Cobalt Poison Dart Frog (Dendrobates tinctorius)
The Cobalt Poison Dart Frog is also known as the dyeing poison frog. Local tribes would pluck feathers from the back of young parrots and the frogs are rubbed on the parrots’ exposed skin. When the feathers would regenerate, the toxin caused them to appear yellow or red rather than green. These altered feathers are highly prized by the indigenous tribes. The cobalt frogs are distributed throughout the eastern portion of the Guiana Shield, including parts of Guyana, Suriname, Brazil, and nearly all of French Guiana. They exist in discrete patches throughout this region, being restricted to “highland” (up to 1,150 ft) areas.
The cobalt poison dart frog is large for a poison dart frog, reaching 3.5 to 5.5 cm long. Some morphs of this species may exceed 7 cm long. Typically, the body is primarily black, with an irregular patter of yellow or white stripes running along the back, flanks, chest, head, and belly. In some morphs, however, the body may be primarily blue, primarily yellow, or primarily white. The legs range from pale blue, sky blue or blue-gray to royal blue, cobalt blue, navy blue, or royal purple and are typically peppered with small black dots.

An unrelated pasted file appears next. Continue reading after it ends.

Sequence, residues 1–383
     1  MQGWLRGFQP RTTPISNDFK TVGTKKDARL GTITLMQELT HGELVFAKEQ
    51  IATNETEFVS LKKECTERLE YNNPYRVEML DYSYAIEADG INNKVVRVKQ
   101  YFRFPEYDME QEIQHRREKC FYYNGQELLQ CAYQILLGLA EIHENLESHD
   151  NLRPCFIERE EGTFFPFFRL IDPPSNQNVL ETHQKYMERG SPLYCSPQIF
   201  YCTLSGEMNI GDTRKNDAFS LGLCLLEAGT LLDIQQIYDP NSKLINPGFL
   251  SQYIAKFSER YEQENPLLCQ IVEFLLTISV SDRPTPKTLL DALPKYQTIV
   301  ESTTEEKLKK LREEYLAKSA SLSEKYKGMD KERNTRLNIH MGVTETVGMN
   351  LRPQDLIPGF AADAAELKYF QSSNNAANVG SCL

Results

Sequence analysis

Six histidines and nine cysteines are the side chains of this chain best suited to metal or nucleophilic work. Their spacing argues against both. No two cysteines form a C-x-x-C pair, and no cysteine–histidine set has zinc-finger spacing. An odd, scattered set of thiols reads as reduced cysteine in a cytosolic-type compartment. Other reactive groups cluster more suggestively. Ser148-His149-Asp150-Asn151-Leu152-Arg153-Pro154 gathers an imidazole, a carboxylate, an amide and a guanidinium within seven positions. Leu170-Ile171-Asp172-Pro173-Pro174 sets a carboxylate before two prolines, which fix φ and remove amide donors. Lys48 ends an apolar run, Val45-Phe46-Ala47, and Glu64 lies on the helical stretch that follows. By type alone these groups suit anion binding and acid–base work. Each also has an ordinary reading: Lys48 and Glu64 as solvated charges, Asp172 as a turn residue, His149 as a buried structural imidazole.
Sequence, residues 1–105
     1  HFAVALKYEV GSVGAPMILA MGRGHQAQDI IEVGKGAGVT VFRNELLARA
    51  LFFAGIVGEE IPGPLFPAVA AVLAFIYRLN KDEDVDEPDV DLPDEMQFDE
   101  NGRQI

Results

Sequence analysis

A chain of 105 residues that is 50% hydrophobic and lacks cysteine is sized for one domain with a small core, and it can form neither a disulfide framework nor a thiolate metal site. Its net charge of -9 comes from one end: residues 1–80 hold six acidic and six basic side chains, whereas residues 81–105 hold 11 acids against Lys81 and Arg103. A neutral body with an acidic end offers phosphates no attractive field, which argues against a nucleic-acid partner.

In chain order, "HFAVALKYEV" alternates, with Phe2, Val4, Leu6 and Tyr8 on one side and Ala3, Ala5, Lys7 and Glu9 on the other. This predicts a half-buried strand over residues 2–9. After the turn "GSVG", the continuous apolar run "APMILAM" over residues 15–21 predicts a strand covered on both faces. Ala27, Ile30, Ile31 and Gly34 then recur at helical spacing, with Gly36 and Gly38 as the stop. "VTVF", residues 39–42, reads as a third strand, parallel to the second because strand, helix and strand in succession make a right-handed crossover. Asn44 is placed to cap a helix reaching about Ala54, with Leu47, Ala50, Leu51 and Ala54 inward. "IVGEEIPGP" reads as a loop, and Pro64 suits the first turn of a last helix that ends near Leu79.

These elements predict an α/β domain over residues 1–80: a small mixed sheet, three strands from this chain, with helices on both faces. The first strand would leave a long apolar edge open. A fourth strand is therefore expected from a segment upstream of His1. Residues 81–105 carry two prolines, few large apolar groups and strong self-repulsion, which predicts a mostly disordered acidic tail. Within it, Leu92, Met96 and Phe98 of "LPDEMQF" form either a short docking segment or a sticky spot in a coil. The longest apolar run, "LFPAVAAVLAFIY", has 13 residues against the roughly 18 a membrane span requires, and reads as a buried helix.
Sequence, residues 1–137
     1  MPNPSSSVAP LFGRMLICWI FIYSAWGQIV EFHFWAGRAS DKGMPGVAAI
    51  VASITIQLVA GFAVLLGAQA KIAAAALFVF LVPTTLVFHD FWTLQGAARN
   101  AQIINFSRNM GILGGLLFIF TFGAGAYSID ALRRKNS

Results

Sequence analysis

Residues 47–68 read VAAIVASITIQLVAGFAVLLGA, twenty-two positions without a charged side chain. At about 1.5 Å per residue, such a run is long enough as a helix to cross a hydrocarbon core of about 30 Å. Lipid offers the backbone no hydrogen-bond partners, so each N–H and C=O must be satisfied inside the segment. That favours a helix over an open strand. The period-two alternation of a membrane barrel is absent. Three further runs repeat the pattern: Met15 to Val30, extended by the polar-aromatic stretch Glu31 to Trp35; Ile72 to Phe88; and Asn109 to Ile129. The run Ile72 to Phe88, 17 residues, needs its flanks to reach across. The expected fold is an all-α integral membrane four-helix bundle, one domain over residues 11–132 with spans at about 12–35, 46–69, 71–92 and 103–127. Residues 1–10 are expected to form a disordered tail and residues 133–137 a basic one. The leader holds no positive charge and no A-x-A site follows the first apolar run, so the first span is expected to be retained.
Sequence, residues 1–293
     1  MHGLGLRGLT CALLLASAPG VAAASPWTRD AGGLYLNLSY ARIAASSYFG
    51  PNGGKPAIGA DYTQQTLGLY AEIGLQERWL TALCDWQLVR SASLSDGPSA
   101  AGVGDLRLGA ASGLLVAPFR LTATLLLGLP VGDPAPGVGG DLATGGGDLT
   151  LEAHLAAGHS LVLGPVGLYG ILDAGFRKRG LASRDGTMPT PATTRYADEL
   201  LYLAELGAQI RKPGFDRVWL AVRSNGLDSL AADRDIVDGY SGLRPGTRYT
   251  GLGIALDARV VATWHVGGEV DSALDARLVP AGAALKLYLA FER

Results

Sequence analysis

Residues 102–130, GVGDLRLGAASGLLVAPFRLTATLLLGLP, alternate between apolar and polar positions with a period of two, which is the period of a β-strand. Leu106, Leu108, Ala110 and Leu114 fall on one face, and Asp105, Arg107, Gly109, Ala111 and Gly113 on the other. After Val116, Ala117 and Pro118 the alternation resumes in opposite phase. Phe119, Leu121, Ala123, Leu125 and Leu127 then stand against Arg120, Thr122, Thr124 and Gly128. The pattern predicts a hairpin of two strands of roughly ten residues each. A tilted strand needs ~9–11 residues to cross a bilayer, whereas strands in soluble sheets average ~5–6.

Thy are a mildly toxic species of poison dart frog. It produces pumiliotoxins which the frog uses for self-defense. The poison is sufficiently toxic to discourage most animals from feeding on them.
Information courtesy of wikipedia.org/wiki/Dendrobates_tinctorius
Photo courtesy of flickr.com